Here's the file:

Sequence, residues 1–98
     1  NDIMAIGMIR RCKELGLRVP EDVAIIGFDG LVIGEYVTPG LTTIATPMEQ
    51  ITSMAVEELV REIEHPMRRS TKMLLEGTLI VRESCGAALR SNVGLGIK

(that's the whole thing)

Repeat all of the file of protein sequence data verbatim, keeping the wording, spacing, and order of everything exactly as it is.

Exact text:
Sequence, residues 1–98
     1  NDIMAIGMIR RCKELGLRVP EDVAIIGFDG LVIGEYVTPG LTTIATPMEQ
    51  ITSMAVEELV REIEHPMRRS TKMLLEGTLI VRESCGAALR SNVGLGIK